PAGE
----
The North/South divide is alive and well, despite the recent recovery in jobs, according to a new study by the TUC.
The report finds that the UK’s economic recovery is predominantly located in London and the South-East, while the North-East, the North-West, Wales and the South-West are missing out.
The TUC report shows that since the last General Election in 2010, there are 780,000 more people in work across the UK, with the likelihood of having increased by one percentage point.
In contrast, however, people’s chances of having a job have fallen in the West Midlands, which is down 0.8 percentage points and down by 0.7 percentage points in the North-West.
The West Midlands had the poorest long-term jobs record, according to the TUC, where employment rates were “barely any better” than they were 20 years ago, the report found.
“As employment growth strengthens at a national level, employment opportunities are being created in all parts of the UK. In the three months to October 2013, employment opportunities rose across the whole of Great Britain. Unemployment numbers dropped most in the East of England, the North West and in the West Midlands. Across the UK, there is a very positive employment outlook for the months ahead.”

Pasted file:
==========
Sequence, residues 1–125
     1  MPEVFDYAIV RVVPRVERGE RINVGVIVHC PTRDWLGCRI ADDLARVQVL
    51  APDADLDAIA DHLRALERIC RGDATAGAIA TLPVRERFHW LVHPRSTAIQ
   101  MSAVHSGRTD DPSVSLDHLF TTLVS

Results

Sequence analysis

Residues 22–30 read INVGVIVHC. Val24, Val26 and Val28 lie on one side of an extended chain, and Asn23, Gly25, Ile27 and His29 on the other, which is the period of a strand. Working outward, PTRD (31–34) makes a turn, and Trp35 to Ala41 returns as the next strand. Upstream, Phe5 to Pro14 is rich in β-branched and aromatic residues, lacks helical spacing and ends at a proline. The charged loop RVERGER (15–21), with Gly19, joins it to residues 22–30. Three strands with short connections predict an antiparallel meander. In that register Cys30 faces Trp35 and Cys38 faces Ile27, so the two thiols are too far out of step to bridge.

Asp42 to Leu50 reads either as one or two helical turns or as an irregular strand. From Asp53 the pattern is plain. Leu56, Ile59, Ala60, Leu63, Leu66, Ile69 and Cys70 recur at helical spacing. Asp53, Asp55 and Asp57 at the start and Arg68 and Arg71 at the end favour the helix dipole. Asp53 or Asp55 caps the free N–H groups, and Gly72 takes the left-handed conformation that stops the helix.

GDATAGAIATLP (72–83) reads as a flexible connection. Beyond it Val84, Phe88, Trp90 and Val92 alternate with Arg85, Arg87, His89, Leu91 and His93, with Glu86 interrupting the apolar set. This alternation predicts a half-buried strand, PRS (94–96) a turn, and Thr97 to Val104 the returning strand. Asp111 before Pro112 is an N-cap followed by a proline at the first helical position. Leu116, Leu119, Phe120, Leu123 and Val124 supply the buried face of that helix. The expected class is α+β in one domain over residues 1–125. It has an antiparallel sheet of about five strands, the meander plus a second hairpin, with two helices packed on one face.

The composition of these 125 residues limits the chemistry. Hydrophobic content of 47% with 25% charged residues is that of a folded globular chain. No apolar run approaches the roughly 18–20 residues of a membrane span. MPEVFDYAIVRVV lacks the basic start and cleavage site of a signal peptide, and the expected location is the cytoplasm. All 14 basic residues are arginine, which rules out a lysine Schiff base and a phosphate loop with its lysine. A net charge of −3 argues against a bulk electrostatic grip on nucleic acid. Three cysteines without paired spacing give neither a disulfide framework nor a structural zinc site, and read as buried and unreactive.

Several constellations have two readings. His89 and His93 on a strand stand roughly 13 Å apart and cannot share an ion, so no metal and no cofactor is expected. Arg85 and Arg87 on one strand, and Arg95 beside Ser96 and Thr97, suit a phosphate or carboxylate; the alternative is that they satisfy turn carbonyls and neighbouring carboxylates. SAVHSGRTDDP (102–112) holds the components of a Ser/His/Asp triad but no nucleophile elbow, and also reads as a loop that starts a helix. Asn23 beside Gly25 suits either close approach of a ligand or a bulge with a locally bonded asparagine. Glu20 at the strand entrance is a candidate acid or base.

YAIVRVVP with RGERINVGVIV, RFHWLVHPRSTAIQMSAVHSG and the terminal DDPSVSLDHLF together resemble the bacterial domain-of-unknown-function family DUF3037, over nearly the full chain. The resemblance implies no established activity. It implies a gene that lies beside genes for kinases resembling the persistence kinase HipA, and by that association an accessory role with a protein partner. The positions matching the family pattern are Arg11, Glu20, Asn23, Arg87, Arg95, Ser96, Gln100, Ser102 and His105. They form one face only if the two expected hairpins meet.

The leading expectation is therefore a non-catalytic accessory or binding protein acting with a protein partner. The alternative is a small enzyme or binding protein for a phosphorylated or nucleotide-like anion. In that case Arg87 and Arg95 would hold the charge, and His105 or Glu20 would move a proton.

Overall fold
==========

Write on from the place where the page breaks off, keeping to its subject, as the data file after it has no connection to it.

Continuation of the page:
TUC general secretary, Frances O’Grady, says: “We need more well-paid jobs, as well as better wage rises for those already in work, if the UK’s 30m-strong workforce is to get a fair share of the benefits of recovery.”
The TUC report comes ahead of new unemployment figures due out on Wednesday. December’s figures showed there were 2.39m unemployed people in the UK in the three months to October, down by 99,000 on the previous quarter.